The FCC threat to healthcare innovation

Later this week, a Federal appeals court will hear oral arguments challenging the Federal Communications Commission’s new Internet regulations. A large number of broadband firms, mobile firms and web entrepreneurs oppose the rules. They wonder why Washington should replace the longstanding, successful policy of open experimentation with a regime of heavy regulation. Last winter’s policy upheaval appears already to have reduced broadband investment by around 10 percent over the first nine months of the year.

Ending the debate: Copyrights are property rights – Pt. 2

My recent paper “Can Economic and Historical Analyses End Copyright Law’s Property/Monopoly Disputes?” rejects three variants of claims that copyrights are best understood as dangerous “monopolies.” Last week, we explored the first of these three claims, namely that copyrights are somehow different from other private property rights that tend to generate differentiated competition. This week, I tackle the contentious topic of copyright term.

The abundance of Moore’s law

On its 50th anniversary, some say Moore’s law is showing signs of age. But you’d never know it by looking at the spread of digital power to every corner of the globe. Global mobile subscriptions of 7.4 billion, according to Ericsson’s new Mobility Report, now outnumber the world’s total population of 7.3 billion. (This can be so because many individuals own multiple devices and single devices can, via multiple SIM cards, support multiple subscriptions.) Just a decade ago, the majority of Chinese had never made a phone call, but today China boasts more than a billion mobile users.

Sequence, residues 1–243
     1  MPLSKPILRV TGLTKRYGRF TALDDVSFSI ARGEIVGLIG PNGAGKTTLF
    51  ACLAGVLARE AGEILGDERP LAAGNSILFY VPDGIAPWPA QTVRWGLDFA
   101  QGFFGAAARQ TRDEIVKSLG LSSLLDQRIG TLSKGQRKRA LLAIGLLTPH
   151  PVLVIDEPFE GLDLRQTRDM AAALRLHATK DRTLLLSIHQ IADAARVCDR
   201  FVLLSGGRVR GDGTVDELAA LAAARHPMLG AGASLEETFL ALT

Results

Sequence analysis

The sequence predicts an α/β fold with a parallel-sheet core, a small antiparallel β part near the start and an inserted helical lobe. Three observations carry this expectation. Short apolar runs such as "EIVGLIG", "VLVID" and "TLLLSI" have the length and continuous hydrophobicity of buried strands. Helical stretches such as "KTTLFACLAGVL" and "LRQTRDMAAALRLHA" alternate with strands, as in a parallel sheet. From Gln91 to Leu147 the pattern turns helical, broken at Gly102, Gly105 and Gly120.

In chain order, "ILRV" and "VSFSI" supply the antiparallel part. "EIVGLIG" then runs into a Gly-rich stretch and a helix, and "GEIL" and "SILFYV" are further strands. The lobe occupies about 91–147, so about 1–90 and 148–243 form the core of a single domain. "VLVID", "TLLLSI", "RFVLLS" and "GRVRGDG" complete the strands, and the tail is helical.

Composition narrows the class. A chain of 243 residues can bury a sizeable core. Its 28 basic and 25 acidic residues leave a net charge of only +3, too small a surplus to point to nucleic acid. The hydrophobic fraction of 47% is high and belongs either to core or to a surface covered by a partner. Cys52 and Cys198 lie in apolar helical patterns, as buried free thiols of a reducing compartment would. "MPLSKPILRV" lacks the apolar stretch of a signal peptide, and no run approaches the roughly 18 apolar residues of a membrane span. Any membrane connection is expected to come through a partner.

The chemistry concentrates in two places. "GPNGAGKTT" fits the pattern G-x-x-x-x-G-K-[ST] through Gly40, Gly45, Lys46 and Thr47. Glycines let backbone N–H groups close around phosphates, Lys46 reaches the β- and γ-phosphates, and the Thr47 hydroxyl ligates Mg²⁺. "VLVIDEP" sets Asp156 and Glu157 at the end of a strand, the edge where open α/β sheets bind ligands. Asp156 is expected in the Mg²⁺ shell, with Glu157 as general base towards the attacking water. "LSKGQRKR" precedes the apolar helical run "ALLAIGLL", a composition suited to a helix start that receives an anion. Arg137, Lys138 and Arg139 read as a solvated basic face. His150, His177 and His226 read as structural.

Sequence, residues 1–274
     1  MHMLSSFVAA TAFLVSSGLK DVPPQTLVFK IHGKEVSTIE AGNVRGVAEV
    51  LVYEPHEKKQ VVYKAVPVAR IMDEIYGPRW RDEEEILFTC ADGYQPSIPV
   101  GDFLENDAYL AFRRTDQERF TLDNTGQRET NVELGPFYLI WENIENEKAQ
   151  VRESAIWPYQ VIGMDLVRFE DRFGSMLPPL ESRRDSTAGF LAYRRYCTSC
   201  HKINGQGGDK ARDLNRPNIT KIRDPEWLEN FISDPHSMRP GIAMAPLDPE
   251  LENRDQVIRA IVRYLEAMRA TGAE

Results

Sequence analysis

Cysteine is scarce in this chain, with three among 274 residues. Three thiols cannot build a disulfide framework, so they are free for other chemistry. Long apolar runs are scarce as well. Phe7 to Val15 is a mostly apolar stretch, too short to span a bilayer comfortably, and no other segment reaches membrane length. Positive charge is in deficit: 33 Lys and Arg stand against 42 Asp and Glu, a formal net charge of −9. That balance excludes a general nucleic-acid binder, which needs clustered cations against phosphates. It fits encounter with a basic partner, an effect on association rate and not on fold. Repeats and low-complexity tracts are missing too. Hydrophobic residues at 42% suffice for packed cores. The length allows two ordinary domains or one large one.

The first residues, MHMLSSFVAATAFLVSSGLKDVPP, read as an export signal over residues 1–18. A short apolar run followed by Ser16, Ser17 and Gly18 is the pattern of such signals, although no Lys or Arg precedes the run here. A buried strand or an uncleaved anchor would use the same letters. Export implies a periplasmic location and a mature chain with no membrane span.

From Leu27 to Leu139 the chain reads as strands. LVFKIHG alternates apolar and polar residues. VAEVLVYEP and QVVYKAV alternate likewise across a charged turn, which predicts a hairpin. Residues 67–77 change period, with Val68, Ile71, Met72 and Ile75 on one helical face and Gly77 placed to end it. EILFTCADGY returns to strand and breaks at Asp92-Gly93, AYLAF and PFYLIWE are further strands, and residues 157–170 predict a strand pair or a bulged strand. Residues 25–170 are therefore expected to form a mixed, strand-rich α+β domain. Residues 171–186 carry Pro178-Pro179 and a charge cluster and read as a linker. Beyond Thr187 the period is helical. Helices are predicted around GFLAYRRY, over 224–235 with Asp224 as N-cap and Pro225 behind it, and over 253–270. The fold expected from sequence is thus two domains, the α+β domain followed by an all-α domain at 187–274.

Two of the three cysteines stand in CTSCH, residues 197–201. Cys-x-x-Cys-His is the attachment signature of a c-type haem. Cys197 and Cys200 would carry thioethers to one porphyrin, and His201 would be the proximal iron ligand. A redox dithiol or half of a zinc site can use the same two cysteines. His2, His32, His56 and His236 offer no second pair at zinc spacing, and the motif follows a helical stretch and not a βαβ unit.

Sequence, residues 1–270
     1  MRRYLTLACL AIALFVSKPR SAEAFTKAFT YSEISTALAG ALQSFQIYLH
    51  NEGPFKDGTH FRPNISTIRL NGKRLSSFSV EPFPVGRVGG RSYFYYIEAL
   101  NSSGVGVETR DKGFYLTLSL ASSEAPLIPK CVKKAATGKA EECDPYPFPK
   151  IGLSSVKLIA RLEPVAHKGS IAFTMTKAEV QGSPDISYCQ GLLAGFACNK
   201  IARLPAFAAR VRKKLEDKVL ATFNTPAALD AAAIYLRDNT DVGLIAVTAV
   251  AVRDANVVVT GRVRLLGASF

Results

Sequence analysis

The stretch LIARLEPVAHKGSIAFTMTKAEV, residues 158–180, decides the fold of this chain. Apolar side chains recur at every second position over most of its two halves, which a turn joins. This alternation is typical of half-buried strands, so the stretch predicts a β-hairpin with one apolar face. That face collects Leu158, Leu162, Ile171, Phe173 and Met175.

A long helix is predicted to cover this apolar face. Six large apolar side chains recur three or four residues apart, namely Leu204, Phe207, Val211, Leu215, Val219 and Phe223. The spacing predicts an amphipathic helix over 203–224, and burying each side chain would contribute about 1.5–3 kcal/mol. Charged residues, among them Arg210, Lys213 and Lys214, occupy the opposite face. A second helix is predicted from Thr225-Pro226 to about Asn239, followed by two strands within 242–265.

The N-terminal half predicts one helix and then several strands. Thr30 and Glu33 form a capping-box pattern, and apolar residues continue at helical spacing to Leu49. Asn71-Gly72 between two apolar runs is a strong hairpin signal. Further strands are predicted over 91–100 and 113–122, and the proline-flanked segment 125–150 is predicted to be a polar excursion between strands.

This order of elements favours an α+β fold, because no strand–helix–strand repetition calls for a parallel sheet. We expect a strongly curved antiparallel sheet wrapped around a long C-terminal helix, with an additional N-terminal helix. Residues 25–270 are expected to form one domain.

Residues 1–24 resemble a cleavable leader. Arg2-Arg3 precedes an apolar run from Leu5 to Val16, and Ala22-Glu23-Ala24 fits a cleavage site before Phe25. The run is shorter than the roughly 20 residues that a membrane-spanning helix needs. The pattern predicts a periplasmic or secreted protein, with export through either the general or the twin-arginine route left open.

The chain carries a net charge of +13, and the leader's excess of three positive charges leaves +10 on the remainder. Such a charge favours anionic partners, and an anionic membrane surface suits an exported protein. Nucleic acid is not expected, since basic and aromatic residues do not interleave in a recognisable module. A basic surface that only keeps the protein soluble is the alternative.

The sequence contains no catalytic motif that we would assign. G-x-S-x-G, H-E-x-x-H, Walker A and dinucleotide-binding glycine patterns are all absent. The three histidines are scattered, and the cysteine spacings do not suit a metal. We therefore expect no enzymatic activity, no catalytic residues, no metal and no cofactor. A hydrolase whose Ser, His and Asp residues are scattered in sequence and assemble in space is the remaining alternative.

Internet speed: How fast is fast enough?

Much has been made of the apparently woeful average speeds of United States broadband connections. Despite evidence of large absolute increases in average Internet speeds, some advocates are concerned that the US is somehow "falling behind" smaller and more densely-populated countries such as Korea, Latvia, and the Netherlands. This supposed lag has been used to bolster calls for greater federal and municipal investment in local broadband infrastructure, particularly Fiber to the Home (FTTH) networks for the 20% of residences currently unable to access local networks at speeds meeting the FCC’s definition of broadband (25 Mbps downstream, 3 Mbps upstream). The argument is that it is somehow imperative that the US has the fastest Internet connections in the world, and that to deliver anything less is somehow a “failure” that necessitates government intervention. This line of reasoning is problematic for a number of reasons.